» Blog
» How To Sleep Better On An Airplane: Tips From A Physical Therapist
How To Sleep Better On An Airplane: Tips From A Physical Therapist

How To Sleep Better On An Airplane: Tips From A Physical Therapist

If you’re not among the select few who fly first class and get to sleep horizontally at will, then this article is for you. The truth is, the majority of people fly economy, which means tighter sitting spaces and usually less leg room. Is it possible to seek out a few hours of good sleep in such situations? Have no fear, these tips will get you sleeping comfortably in no time!

Choose your seat wisely

  • Take advantage of the airline’s website while booking your ticket to choose a seat that has more or extra legroom. One website called SeatGuru supplies different airplane specifications when it comes to seating and spacing, so you can make a well-informed decision. Whether you prefer the window or aisle seat, the most important factor is leg space. Having ample leg space allows you to stretch your legs and improve your circulation.

Dress Comfortably

  • You can still dress smart but try to avoid tight or constricting clothing. Constrictive clothing can restrict blood flow and could result in a blood clot. Try to wear clothes that are a breathable fabric and can wick sweat away. Avoid socks that restrict blood flow, and if you are concerned about swelling wear compression socks for the duration of the flight. Dress in layers, i.e. pack a sweater or scarf that you can easily put on or take off as needed.

Pack Comfort Items

  • When it comes to sleeping next to hundreds of strangers, what could be more comforting than an eye mask and earplugs? Better yet, packing some soothing music or white noise to block out the sounds of other passengers and help you get to sleep much quicker.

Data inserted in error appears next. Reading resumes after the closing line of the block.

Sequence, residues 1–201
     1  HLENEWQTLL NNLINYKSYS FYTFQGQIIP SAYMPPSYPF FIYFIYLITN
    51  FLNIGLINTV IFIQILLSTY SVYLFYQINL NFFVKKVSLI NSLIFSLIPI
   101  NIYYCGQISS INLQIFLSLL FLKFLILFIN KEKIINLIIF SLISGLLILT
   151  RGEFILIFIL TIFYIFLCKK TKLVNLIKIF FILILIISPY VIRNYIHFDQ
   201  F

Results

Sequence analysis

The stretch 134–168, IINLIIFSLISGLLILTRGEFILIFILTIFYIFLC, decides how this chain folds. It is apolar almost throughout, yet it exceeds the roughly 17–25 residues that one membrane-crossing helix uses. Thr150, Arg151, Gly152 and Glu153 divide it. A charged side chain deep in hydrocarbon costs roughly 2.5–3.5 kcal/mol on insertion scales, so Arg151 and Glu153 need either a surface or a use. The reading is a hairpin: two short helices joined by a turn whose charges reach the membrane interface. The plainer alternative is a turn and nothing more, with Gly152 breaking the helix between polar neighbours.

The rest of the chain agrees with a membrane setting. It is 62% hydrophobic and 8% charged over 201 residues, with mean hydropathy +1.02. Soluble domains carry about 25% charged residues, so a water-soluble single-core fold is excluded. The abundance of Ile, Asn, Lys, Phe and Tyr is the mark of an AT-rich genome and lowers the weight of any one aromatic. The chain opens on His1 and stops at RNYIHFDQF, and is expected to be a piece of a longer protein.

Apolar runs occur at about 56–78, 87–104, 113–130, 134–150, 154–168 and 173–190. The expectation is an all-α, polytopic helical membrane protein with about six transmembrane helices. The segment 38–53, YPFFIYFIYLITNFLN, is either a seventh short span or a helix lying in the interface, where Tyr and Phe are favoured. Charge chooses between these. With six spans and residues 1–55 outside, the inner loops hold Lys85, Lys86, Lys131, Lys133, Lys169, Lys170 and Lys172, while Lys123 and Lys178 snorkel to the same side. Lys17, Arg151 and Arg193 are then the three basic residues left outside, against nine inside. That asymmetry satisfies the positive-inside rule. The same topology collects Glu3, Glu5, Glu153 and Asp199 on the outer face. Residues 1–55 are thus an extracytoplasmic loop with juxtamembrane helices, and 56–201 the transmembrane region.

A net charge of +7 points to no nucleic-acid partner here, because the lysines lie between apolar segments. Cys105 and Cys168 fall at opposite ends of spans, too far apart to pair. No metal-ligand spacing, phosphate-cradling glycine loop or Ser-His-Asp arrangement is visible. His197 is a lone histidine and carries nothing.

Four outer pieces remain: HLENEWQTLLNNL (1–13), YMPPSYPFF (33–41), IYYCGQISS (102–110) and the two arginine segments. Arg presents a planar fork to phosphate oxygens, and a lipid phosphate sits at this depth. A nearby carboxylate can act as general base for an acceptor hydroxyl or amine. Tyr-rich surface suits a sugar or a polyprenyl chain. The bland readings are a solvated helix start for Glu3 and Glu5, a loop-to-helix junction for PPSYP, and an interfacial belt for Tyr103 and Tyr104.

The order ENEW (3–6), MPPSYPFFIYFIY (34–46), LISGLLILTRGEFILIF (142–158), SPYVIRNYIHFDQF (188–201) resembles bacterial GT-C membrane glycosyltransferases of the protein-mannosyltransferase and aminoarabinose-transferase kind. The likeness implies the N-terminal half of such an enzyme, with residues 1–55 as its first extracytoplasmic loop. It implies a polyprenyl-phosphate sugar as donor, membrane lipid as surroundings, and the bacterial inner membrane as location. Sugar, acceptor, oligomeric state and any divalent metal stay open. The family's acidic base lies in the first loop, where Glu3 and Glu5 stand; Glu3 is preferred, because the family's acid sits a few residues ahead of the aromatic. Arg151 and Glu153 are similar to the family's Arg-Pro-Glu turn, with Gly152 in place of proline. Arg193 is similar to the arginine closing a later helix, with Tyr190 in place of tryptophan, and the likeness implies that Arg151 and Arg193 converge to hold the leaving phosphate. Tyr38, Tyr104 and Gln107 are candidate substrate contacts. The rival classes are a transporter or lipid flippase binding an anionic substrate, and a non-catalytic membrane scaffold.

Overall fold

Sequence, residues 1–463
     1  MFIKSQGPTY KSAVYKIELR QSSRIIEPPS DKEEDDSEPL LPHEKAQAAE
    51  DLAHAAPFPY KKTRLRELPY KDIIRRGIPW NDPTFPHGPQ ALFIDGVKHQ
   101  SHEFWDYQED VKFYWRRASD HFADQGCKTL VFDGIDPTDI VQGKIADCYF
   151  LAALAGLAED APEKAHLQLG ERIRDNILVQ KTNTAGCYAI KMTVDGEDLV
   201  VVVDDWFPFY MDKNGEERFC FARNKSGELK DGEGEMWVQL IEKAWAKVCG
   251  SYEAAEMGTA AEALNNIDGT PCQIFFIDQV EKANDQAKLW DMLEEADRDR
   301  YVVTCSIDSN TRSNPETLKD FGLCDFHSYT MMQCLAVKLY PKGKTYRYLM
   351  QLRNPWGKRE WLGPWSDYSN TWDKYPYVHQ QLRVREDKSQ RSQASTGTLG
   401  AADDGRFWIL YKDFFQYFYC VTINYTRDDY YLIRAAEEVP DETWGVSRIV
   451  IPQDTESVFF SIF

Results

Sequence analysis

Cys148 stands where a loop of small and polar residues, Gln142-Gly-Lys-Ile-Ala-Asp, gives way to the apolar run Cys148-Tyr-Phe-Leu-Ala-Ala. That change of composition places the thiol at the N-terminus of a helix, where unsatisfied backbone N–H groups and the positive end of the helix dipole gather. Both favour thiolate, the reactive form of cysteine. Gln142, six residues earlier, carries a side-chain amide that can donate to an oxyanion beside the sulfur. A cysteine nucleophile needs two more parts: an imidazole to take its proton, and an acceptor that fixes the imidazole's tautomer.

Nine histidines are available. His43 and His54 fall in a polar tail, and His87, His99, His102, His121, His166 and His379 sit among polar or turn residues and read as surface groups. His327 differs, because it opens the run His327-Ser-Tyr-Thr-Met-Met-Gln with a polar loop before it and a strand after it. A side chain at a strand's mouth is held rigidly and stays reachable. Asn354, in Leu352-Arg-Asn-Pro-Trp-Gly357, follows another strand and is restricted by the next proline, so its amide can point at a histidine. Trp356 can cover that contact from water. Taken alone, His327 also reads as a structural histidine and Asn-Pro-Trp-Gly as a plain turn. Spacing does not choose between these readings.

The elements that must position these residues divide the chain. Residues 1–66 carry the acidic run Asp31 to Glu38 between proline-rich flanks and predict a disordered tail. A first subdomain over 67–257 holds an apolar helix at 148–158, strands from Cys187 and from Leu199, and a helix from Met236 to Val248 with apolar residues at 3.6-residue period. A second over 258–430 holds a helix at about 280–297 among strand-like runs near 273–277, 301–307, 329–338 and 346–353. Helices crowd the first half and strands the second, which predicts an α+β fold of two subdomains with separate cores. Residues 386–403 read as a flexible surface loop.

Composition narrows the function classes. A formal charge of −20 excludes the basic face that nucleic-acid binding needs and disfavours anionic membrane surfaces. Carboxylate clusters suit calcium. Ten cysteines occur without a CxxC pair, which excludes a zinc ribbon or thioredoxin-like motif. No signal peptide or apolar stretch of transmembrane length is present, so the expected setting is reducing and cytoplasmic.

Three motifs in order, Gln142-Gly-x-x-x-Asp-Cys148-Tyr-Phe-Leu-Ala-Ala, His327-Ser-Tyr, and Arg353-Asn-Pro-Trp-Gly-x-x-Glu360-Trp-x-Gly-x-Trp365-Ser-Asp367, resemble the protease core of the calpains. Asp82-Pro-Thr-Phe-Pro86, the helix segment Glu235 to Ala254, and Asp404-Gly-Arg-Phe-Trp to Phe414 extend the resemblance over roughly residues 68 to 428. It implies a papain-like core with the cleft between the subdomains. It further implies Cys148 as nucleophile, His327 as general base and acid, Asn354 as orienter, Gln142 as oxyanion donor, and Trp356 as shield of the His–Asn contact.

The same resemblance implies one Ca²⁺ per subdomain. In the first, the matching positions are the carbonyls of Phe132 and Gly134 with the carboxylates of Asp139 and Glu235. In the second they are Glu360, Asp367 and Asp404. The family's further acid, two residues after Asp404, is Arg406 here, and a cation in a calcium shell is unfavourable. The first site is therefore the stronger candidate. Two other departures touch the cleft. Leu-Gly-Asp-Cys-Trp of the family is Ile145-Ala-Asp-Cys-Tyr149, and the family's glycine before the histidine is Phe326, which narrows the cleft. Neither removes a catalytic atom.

Do not cross your legs

  • Some of us may be in the habit of crossing our legs, but doing so, especially on a long flight, can constrict blood flow (hello blood clot!), and can potentially result in lower back pain. Keep your knees together and lower legs extended. 

Support your lower back

  • Most long flights come with a small pillow perfect for lumbar support. If your flight doesn’t come with one of these, that’s okay. Take that sweater or blanket you packed, roll it up and place it on the arch of your back. If possible, recline your seat to enter full relaxation mode.

Food and Drink

  • At this point in your flight, the flight attendants are probably taking drink orders. Resist the urge to have alcohol and go with plain old H20. Dehydration has been associated with a higher risk of deep vein thrombosis (blood clots). So, drink up, and don’t worry if that means you have to get up to use the restroom, it’s part of your in-flight exercise plan.

Get up and Stretch

  • Remember all that water you drank? Use your bathroom breaks as a time to walk about the cabin and stretch those legs. You didn’t think you could just turn out the lights without exercising, did you? Here are some common stretches you can do in your seat:
    • Foot pumps: Start with your feet on the floor. Keep the balls of your feet on the floor and lift your heels up. Hold this pose for at least a few seconds. Then place heels on the floor and lift your toes up. Hold for another few seconds. Repeat this stretch each way a few times.
    • Ankle circles: Lift your feet up off the floor. Make circular motions with your toes from the inside out. Do this for a few seconds. Then switch the direction of the circles, and do it for a few more seconds. Repeat both directions a few more times.
    • Leg lifts: Lift your foot off the floor, straighten your leg as much as you can while keeping your ankle bent and toes pointed upwards. Relax your leg and repeat with the other leg. Repeat this a few more times.


Flying isn’t always the most comfortable, but hopefully, with these tips, you’ll not only get some proper rest, but you can rest easy knowing that you won’t get a blood clot in the meantime. Safe travels!